Good morning! It’s time to get back to work from the three-day weekend, but the good news is that it’s only a four-day week. Today we’re looking at a couple of long-roof people-haulers that you don’t see too often. But first, let’s see where you landed on Friday’s flatheads:
Looks like the Hudson wins this race. Honestly, I expected it to go the other way, based on the comments, but the Hudson’s rarity and electric-blue paint seem to have given it the edge.
In the mid-1980s, the minivan was just beginning its ascendancy in the family-hauler market. But every manufacturer made a station wagon variant of almost every sedan they made. Because of their utilitarian nature, most wagons got used, and used up. This makes them a rare sight these days, but here on the west coast where cars don’t rust, it seems there’s at least one good example of pretty much anything you can think of still kicking around. Today, I’ve found what was once a common station wagon, and a contemporary that was a rare sight even back then. Let’s take a look.
Engine/drivetrain: Turbodiesel 2.3 liter overhead cam inline 4, four-speed automatic, RWD
Location: Woodburn, OR
Odometer reading: 193,000 miles
Runs/drives? Runs great
Peugeot diesels aren’t very well-known in the US, but in some other parts of the world, they’re legendary. This car and its predecessor, the 504, are still in regular use in Africa, particularly in station wagon and pickup truck form (yes, Peugeot made pickup trucks once upon a time). Peugeots are the cars folks can count on to get the job done, whatever the job may be, sure as Kilimajaro, well, you know. In the US, the Peugeot 505 competed against other midsized European cars, all of which were moving upscale in the mid-’80s. Hard thankless work was the furthest thing from its mission here; this car was meant for the affluent suburbs.
A rough, clattery diesel engine didn’t really fit the mission of an upwardly-mobile ’80s lifestyle, but if Mercedes could get away with it, so could Peugeot. Diesels had a brief burst of popularity in the US around the time of the second gas crunch, but US consumers lost a lot of confidence in oil-burners after the Oldsmobile diesel fiasco. But diesels not built by GM are actually very durable and reliable. This one runs very well, according to the seller, and has had a lot of recent work done to it to keep it running well. It still has a few issues, mostly electrical. It does have a small coolant leak, but the way the seller describes it, it sounds like it’s just the reservoir leaking.
Inside, the 505 fits the yuppie-mobile brief a bit better. This S model came with leather seats, but a previous owner swapped them out for velour. At least they’re in nice shape. And in the grand French car tradition, the 505 rides very smoothly.
The rest of this car is in good cosmetic shape as well. It was repainted about ten years ago, and it never had any rust. The seller swapped the US-spec 7 inch rectangular sealed beam headlights for the composite glass European ones, and installed 15 inch wheels from a newer 505 along with new tires. Owning and driving a car like this isn’t a casual endeavor like owning a Camry or something; you end up becoming an expert in the marque, and it sounds like the seller is eager to pass on their knowledge along with a ton of spare parts and service manuals.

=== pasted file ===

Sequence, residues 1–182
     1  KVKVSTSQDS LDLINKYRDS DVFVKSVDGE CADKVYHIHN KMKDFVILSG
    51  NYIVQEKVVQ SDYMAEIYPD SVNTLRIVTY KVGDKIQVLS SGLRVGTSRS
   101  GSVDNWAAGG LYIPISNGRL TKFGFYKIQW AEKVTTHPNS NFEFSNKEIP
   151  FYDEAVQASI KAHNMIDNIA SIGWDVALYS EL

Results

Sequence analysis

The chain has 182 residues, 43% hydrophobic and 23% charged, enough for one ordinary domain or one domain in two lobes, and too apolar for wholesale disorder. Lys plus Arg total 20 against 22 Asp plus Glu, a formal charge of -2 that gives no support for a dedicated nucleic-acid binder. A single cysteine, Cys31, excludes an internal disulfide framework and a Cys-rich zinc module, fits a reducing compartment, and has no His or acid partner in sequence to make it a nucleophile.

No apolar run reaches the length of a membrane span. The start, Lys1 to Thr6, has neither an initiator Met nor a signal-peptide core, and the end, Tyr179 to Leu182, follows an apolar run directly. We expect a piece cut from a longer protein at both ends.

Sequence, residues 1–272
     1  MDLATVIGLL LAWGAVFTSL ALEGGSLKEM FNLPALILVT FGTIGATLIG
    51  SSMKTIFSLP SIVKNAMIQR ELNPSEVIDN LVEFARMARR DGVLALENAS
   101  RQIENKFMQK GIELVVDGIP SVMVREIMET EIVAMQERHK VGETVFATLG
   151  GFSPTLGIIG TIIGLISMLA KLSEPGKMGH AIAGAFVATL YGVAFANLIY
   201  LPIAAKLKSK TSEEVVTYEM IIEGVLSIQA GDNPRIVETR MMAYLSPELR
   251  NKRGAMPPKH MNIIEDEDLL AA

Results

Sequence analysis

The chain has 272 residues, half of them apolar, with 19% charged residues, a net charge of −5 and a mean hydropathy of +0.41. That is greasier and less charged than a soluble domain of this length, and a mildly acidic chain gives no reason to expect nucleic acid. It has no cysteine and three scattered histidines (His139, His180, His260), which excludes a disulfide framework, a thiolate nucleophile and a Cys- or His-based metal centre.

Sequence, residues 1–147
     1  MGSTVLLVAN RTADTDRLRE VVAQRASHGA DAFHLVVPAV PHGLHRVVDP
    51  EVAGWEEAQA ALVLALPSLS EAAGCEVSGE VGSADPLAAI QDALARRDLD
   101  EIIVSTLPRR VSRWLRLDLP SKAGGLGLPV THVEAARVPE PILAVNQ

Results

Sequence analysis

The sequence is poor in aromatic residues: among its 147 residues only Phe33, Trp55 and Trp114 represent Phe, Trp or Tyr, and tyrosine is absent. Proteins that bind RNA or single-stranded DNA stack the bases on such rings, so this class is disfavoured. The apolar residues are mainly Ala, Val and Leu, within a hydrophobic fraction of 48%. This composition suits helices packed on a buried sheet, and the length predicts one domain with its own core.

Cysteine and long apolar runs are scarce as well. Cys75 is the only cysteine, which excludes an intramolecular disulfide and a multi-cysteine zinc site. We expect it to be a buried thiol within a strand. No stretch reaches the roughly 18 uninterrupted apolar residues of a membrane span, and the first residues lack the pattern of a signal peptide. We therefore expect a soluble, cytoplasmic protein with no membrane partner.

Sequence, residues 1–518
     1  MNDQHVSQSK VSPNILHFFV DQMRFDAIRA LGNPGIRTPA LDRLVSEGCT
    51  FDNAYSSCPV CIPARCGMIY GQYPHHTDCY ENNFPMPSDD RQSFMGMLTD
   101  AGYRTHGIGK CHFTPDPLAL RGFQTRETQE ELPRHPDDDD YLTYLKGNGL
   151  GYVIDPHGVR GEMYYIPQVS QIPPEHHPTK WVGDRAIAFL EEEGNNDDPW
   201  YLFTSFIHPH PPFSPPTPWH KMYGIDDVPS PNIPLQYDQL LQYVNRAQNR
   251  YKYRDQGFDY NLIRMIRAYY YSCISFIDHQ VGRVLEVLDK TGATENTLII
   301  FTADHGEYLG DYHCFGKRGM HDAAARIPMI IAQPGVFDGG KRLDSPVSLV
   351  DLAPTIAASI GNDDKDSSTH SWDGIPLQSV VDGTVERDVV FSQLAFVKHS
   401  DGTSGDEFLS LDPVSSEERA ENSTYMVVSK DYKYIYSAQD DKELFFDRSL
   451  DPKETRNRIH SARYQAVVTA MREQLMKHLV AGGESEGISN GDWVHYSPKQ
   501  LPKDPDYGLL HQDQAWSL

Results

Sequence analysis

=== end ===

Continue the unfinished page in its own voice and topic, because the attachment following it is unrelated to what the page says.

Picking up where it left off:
Engine/drivetrain: 305 cubic inch overhead valve V8, four-speed automatic, RWD
Location: Washougal, WA
Odometer reading: 188,000 miles
Runs/drives? Daily driven
But not everyone in the ’80s was turning to flashy European cars. For lots of folks, a new car meant a trip to the Chevy dealership, and if you really meant business, you passed right by the Cavalier and Celebrity and Malibu wagons and went straight for this big boy: the Caprice Estate. There are no surprises with this car: a cast-iron V8, a separate body and frame, a column-shift automatic, and a solid rear axle are all present and accounted for, just like they had been for thirty years prior.
This big Chevy wagon, introduced in 1977, was actually downsized from the previous generation. Not a lot; it’s about nine inches shorter than the 1976 Caprice and rides on a five inch shorter wheelbase. It’s still a big car. But more importantly, it’s almost nine hundred pounds lighter, which makes it easier for the smog-choked 305 V8 to haul it around. This one is said to run beautifully, and in fact this car is in daily use. Everything works including the air conditioning.
[Editor’s Note: Look at that ’72 or ’73 Vega in the garage! – JT]
It’s not perfect cosmetically; there are some missing trim bits around the rear bumper, and it sounds like the rear door handles don’t work. But for a thirty-nine year old car that was intended to haul kids to baseball games and on family vacations, it’s in remarkably good shape.
I guess you’d be looked at funny if you hauled your kids around in an ’84 Chevy Caprice wagon these days. It has no ABS, no airbags, no driver aids, and it probably crumples like tinfoil in a crash, at least compared to today’s safety-caged crossovers. But folks my age all spent our childhoods in wagons like these; we fought over the “way back” seat and rode around without seatbelts on and somehow lived to tell the tale.
Station wagons are essentially gone now, and no matter how much some of us might want them to, they probably aren’t coming back. You have to lift the suspension a couple of inches and slather the lower third of the body in matte-black plastic if you want to sell wagons these days. (Thanks a lot, Subaru Outback.) But what you can do is buy one of these, and say to hell with the crossovers. All you need to do is decide which one is more your style.
(Image credits: Craigslist sellers)